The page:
The effectiveness and duration of immunity after a single dose, however, is not known, and few individuals in the current outbreak have completed the recommended two-dose series, according to the report. 

The most recent CDC data reports that 25,509 monkeypox cases have thus far been confirmed in the U.S. Only one death has been reported.

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U.S. Federal Courts

Doctor, transgender spouse indicted for passing information to Russia

Jamie Lee Henry first active-duty Army officer to come out as trans

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Jamie Lee Henry and their spouse Anna Gabrielian (Photos from social media)

A federal grand jury on Wednesday handed down an indictment of a Johns Hopkins anesthesiologist and her spouse, a doctor and major in the U.S. Army, with conspiracy and for the disclosure of individually identifiable health information related to their efforts to assist Russia in connection with the conflict in Ukraine.

The office of the U.S. Attorney for the District of Maryland in a press release stated Anna Gabrielian, 36, and her spouse, Jamie Lee Henry, 39, both of Rockville, Md., both of whom had secret clearances, were attempting to provide medical information about members of the military to the Russian government.

Gabrielian and Henry met with an individual they believed to be associated with the Russian government, but who was, in fact, an Federal Bureau of Investigation Undercover Agent.

Court documents indicate Gabrielian told the FBI agent posing as a Russian operative that she had previously reached out to the Russian Embassy by email and phone, offering Russia her and her spouses’ assistance.

According to the U.S. Attorney’s office, Gabrielian told the FBI agent that, although Henry knew of Gabrielian’s interaction with the Russian Embassy, she never mentioned Henry’s name to the Russian Embassy.

In the narrative released by the U.S. Attorney’s office, on Aug. 17, 2022, Gabrielian met with the FBI at a hotel in Baltimore. During that meeting, Gabrielian told the FBI she was motivated by patriotism toward Russia to provide any assistance she could to Russia, even if it meant being fired or going to jail.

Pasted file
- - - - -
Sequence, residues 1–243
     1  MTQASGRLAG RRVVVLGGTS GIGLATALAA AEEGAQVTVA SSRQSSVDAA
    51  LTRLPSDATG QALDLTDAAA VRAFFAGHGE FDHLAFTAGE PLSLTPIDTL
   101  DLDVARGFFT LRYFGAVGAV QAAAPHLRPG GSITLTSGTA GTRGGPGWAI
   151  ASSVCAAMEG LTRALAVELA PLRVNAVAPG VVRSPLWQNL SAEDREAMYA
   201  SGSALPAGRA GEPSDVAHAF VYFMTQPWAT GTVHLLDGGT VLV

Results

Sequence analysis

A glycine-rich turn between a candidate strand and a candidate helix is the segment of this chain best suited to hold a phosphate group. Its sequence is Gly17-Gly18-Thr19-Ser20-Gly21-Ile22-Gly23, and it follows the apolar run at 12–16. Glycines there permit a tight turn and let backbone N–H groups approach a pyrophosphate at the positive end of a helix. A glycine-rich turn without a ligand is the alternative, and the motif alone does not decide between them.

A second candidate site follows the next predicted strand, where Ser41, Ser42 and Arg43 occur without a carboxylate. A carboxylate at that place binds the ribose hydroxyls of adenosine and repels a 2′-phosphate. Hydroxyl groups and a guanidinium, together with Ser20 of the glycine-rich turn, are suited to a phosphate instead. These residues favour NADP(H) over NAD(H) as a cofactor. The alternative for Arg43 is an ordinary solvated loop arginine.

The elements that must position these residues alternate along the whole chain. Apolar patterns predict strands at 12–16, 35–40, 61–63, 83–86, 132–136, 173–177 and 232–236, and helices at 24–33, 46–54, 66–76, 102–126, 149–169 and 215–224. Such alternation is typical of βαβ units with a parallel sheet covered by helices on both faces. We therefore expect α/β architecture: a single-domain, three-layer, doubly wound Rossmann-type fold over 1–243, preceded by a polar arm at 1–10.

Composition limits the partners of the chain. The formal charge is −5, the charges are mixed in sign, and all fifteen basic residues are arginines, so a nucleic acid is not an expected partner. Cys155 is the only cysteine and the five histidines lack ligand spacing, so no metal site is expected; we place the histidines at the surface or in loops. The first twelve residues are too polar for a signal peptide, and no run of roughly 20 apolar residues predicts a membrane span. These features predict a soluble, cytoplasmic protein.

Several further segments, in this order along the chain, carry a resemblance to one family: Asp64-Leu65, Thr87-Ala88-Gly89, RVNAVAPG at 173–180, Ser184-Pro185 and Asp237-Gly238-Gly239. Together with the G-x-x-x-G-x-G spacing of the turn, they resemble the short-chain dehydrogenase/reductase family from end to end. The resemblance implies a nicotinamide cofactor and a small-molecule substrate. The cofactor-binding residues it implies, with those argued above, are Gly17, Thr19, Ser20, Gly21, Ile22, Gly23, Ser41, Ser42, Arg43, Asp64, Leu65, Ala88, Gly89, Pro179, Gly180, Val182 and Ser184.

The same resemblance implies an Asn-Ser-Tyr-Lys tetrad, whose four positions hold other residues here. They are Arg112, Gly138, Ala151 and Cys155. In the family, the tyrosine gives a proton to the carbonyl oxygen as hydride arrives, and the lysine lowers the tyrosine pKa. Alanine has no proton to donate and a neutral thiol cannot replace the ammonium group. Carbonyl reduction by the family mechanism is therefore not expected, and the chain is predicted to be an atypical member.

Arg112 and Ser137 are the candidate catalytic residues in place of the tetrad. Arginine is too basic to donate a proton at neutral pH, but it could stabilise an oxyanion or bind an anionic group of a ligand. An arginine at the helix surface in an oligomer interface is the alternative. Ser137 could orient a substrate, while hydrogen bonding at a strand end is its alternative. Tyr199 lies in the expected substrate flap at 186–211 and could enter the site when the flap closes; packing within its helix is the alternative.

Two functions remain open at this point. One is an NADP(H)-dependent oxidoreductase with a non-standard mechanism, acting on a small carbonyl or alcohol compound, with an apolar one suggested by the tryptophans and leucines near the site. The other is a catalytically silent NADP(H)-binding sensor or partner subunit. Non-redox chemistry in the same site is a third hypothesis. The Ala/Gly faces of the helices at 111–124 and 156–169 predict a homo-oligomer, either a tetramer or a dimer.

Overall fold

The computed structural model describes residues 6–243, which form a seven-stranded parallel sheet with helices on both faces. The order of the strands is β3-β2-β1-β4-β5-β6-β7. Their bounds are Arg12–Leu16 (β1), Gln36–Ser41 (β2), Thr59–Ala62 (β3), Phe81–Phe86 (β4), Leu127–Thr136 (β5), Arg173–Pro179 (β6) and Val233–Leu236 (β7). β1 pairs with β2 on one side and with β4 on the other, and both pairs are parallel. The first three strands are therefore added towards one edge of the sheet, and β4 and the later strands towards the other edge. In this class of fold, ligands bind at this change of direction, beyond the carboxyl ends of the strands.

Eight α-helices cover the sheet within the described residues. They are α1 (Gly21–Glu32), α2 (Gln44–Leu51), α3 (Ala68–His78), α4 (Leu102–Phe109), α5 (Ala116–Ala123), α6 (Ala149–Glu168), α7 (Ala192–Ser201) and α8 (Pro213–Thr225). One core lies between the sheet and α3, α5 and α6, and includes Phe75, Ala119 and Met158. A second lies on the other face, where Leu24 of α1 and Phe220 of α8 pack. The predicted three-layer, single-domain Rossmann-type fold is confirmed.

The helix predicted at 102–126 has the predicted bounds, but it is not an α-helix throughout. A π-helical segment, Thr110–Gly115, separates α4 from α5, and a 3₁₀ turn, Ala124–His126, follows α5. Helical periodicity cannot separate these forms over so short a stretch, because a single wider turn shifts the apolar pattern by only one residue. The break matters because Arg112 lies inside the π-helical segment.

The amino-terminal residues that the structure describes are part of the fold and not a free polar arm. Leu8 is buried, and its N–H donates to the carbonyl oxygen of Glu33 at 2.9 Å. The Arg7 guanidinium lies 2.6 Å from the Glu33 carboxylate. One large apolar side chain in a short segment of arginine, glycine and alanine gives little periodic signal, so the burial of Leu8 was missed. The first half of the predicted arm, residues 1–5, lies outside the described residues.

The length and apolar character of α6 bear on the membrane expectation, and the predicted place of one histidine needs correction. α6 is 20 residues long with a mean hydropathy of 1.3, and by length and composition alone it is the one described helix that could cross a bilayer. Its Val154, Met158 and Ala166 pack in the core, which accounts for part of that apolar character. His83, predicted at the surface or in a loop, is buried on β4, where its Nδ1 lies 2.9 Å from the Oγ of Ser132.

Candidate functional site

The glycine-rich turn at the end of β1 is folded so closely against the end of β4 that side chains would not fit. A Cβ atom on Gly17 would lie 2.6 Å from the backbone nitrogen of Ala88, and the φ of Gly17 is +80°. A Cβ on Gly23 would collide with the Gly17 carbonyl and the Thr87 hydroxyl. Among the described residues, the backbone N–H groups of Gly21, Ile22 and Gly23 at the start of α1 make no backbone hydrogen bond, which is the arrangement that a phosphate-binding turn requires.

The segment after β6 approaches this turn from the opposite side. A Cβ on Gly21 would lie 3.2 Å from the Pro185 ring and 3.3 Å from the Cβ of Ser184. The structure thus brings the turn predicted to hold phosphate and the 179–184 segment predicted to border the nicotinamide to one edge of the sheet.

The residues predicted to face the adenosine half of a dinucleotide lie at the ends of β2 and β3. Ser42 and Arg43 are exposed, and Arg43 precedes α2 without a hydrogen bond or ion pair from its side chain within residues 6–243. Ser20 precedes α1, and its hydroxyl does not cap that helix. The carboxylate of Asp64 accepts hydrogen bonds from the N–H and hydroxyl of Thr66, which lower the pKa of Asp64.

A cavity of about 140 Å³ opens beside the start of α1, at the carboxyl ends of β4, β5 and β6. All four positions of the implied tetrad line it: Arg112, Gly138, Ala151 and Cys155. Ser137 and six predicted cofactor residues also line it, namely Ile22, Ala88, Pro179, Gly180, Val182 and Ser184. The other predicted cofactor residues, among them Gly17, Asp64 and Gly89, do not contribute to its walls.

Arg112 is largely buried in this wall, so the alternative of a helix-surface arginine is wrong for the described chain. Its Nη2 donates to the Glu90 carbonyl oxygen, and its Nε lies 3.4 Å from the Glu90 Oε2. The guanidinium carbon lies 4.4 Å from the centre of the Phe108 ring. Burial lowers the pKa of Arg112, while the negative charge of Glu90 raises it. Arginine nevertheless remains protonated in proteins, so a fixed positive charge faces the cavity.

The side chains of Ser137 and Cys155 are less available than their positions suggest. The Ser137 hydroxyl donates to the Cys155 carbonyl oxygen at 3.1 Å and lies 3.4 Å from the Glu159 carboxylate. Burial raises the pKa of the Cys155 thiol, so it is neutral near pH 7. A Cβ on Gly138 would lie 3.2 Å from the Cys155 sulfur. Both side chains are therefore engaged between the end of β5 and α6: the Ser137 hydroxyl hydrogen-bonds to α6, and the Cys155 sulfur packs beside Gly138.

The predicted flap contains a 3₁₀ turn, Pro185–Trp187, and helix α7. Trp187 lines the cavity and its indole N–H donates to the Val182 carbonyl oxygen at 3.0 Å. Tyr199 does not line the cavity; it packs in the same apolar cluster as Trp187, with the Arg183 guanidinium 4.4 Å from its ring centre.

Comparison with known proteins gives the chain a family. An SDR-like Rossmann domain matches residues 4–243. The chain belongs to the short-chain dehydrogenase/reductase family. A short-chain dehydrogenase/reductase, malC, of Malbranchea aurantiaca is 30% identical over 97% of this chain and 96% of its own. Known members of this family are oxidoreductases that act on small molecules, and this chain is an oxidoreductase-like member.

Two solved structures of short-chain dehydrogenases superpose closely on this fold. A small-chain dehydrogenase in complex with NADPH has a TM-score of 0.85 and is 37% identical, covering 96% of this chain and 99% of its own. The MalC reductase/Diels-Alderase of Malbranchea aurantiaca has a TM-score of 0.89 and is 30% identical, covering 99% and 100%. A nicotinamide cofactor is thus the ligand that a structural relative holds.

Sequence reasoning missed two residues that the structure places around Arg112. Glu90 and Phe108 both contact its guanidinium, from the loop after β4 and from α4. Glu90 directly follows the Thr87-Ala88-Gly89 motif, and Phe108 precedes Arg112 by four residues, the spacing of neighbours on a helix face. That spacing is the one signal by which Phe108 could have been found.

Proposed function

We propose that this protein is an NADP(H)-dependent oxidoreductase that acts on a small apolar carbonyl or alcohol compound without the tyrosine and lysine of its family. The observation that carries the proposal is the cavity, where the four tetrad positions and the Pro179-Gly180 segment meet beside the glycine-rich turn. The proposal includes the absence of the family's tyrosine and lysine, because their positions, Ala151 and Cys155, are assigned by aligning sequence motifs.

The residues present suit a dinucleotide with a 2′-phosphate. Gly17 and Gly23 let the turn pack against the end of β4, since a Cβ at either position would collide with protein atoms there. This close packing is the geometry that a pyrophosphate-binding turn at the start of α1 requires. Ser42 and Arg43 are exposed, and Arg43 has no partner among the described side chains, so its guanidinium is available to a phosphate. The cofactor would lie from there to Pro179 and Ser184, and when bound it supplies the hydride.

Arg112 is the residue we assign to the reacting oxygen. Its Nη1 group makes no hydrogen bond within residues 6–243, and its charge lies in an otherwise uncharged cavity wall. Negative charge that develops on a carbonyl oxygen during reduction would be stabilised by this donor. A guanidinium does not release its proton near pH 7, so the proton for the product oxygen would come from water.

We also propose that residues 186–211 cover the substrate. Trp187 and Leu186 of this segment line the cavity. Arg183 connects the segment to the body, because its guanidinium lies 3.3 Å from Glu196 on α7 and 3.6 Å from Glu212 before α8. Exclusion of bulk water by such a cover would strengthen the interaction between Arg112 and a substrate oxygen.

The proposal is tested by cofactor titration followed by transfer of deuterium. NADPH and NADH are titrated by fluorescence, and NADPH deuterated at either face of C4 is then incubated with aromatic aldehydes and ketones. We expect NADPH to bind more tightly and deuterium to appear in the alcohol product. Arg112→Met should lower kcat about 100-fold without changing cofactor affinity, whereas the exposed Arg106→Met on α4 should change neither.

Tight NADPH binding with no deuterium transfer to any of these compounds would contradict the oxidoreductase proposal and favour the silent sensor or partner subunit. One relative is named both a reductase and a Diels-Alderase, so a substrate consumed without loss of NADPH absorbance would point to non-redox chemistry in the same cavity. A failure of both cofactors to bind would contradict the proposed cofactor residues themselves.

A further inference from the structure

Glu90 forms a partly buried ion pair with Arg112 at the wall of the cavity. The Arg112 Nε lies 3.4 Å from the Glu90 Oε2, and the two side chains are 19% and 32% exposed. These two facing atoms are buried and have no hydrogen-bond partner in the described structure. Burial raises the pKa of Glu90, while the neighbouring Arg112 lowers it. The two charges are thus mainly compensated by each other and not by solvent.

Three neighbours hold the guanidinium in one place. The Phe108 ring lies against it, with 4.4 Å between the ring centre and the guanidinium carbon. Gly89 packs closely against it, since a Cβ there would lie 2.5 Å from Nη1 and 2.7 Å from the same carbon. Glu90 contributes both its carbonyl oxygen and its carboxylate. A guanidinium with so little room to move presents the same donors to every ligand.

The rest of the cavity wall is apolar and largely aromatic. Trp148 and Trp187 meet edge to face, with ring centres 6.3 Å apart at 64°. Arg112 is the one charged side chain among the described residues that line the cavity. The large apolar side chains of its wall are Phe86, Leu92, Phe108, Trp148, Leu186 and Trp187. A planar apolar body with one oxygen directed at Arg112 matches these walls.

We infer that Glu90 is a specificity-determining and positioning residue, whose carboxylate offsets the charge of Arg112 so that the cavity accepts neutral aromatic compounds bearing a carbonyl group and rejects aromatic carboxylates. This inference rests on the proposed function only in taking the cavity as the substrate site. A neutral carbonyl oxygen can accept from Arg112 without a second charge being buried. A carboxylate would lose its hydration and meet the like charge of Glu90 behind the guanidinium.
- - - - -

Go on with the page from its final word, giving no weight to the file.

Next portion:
She proposed potential cover stories for her meeting with the “Russians” and stressed the need for “plausible deniability” in the event she was confronted by American authorities. Gabrielian also told the FBI that, as a military officer, Henry was currently a more important source for Russia than she was, because they had more helpful information, including how the U.S. military establishes an army hospital in war conditions and information about previous training provided by the U.S. military to Ukrainian military personnel. 

Henry identifies as a “transgender military physician” on their Twitter account.

Henry received public attention in 2015 after becoming the first known active-duty Army officer to come out as trans.

Henry was at one point a member of SPARTA, the nation’s largest nonprofit representing actively-serving trans U.S. servicemembers. A spokesperson for SPARTA, in an emailed statement commenting on the announcement of the arrest and indictment of Henry and their spouse told the Washington Blade:

“Transgender people are as diverse as the societies to which they belong. One’s gender identity neither increases nor decreases a propensity towards alleged criminal activity.”

As stated in the indictment, Gabrielian is an anesthesiologist and worked at Medical Institution 1 in Baltimore.  

Henry, a major in the U.S. Army who held a secret-level security clearance, is Gabrielian’s spouse and a doctor. During the time of the alleged conspiracy, Henry worked as a staff internist stationed at Fort Bragg, the home of the Army’s XVIII Airborne Corps, headquarters of the U.S. Army Special Operations Command and the Womack Army Medical Center.

Gabrielian was scheduled to have initial appearance at 11:30 a.m. on Thursday in U.S. District Court in Baltimore before U.S. Magistrate Judge Brendan A. Hurson. Henry is also expected to have an initial appearance today, although a time has not yet been set.

Full statement from SPARTA:

“SPARTA, a non-profit advocacy organization representing transgender Service members in the United States, is saddened to learn of the arrest and indictment of Jamie Lee Henry, an officer in the U.S. Army and a medical doctor.

SPARTA has long advocated for the inclusion and total equity for transgender persons throughout the United States uniformed services. Today, thousands are serving honorably and authentically at home stations worldwide.

The actions alleged in the indictment do not reflect Henry’s identity as transgender. Their alleged actions are those of an individual and should not be taken as a representation of transgender people broadly or transgender members of the military specifically.

All people in the United States are entitled to the same rights, including due process and the presumption of innocence in this case. SPARTA does not condone any actions alleged in the indictment and expects the process to play out fairly and equitably as it would for anyone accused of a crime.”